Oxygen bars are popular in smoggy cities such as Los Angeles, Bangkok and Tokyo. In the Japanese capital, you can even specify a fruity flavour for your O2. We Brits tend not to suffer so harshly from pollution, but the percentage of oxygen in the air has decreased over time. Couple this with the increase in carbon monoxide in our atmosphere, and the oxygen-carrying capacity of the blood decreases.
Okay, lab coats off now. What we're trying to say here is that a blast of pure oxygen can perhaps make you feel good. It's probably the main reason why the makers of O-Pur have created a personal source of the good stuff. It won't make you light headed, but it won't make you run faster either. Somewhere in the middle ground between those two extremes lies the benefit gained from the oxygen in O-Pur. The responses from Firebox test subjects ranged between 'nice', 'very clean' and 'oh, I didn't think it would do anything, but somehow it has. But I can't describe it. Can I have some more?'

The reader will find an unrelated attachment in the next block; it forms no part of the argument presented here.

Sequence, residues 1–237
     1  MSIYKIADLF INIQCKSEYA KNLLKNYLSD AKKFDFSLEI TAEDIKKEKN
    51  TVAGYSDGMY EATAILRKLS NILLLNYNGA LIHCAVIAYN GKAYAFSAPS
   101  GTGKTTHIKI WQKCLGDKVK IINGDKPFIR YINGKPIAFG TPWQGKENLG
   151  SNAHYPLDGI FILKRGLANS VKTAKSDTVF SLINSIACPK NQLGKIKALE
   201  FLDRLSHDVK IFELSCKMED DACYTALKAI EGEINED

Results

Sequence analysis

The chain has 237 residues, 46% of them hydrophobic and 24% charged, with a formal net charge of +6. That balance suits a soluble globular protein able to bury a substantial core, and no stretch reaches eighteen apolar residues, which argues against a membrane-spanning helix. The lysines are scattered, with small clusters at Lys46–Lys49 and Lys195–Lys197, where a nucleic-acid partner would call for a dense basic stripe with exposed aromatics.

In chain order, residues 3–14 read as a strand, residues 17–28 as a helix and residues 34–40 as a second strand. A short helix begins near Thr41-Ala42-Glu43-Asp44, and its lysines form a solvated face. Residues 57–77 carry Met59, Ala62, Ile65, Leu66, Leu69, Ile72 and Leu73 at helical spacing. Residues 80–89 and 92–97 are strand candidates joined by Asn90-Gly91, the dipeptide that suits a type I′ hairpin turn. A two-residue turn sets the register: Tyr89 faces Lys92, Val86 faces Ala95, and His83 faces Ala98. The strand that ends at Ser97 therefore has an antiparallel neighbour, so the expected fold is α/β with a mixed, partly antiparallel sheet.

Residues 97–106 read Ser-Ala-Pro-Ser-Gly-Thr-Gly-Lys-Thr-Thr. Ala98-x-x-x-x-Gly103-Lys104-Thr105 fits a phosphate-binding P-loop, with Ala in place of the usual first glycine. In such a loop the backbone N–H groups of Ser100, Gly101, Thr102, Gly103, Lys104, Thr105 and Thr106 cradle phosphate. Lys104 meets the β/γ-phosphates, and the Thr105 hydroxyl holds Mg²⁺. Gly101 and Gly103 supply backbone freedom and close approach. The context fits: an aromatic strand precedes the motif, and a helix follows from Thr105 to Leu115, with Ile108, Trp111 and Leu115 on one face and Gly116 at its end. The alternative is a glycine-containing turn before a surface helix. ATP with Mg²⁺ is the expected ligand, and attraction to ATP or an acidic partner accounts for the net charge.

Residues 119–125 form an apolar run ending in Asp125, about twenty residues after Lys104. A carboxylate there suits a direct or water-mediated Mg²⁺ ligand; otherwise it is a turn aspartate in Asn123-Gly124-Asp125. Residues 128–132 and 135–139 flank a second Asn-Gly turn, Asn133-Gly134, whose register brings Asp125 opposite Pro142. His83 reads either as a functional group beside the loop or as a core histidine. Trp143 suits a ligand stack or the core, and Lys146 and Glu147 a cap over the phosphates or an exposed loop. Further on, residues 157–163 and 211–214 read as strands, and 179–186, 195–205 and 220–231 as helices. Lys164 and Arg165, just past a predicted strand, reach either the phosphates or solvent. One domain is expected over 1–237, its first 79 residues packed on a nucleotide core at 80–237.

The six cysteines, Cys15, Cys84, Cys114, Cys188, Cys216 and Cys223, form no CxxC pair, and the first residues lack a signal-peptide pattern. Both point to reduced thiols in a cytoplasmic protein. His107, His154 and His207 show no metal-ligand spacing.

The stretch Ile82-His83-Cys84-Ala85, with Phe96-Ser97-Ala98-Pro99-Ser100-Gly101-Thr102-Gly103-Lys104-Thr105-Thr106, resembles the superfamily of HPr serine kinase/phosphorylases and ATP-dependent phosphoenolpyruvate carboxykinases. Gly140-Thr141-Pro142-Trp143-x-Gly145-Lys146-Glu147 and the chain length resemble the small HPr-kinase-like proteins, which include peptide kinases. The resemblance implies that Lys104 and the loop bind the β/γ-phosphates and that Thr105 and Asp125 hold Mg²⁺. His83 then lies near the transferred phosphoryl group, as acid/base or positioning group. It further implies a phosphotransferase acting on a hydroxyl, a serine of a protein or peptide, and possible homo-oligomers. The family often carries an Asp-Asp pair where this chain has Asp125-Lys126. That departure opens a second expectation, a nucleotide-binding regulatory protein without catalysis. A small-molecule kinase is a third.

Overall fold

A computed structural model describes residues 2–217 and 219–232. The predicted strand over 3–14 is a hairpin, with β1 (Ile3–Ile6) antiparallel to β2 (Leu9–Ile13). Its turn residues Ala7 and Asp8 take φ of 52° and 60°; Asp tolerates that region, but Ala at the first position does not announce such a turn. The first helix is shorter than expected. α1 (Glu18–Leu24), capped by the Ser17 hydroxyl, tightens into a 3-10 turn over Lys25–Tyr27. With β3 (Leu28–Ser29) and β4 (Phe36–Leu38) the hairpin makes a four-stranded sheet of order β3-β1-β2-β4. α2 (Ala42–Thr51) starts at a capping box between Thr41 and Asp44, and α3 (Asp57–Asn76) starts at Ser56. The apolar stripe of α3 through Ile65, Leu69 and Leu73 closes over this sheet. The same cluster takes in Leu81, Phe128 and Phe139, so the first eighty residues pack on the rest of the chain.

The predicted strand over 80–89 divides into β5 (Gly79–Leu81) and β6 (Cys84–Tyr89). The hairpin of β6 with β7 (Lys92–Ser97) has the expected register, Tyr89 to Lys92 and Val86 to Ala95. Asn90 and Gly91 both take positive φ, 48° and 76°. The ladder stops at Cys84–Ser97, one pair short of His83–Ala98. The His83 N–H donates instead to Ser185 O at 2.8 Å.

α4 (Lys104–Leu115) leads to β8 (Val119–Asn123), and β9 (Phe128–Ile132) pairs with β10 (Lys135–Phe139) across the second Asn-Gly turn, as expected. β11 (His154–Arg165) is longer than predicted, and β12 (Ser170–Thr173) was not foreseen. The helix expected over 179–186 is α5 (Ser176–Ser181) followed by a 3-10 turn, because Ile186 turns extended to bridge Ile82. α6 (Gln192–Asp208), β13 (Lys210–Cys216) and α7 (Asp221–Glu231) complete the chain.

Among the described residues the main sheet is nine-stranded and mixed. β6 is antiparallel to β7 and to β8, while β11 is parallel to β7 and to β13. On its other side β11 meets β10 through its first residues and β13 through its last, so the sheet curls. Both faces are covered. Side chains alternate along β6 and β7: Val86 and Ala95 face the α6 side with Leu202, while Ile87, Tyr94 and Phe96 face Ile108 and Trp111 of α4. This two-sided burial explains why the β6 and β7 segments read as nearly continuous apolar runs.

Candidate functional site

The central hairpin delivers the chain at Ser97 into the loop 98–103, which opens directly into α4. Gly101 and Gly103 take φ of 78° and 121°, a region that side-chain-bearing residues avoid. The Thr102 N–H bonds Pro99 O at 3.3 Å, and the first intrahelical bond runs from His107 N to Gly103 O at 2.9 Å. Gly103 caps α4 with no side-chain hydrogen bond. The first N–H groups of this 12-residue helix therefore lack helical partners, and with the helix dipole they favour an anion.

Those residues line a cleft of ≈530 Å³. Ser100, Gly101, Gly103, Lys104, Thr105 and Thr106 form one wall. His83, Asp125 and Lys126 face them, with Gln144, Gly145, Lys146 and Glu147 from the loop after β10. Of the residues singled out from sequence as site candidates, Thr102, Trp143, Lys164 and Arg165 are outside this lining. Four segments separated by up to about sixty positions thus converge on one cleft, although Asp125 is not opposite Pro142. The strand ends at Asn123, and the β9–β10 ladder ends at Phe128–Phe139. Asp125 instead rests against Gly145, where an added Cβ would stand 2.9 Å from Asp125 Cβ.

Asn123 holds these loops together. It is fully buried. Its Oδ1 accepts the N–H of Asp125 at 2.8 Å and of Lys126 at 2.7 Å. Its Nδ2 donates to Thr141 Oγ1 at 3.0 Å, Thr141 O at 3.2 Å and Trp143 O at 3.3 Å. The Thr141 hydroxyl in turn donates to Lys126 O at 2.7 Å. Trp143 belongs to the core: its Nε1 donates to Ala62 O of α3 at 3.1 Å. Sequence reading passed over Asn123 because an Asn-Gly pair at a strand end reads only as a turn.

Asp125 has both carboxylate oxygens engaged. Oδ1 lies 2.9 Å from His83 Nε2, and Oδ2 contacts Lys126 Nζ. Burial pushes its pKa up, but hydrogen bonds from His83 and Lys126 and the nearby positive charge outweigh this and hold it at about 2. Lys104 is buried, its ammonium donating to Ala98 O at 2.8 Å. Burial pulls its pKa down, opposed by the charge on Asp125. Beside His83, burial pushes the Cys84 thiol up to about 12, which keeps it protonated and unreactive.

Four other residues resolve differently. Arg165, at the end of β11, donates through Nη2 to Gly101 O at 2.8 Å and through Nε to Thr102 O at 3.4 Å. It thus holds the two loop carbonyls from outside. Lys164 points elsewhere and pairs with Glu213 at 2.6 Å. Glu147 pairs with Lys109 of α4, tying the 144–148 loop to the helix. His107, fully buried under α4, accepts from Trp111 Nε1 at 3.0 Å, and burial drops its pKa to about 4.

The benefits of a blast of O-Pur may actually be more psychological than genuinely physical, but there's no doubting that several gulps of oxygen certainly feel as if they can cut through the fur and filth of a hangover. Even without the sceptre of a heavy night's antics hanging over you, a distinct feeling of well-being does wash over you after a little session with O-Pur. Keep one next to the whisky and the Popshotz in your desk drawer.
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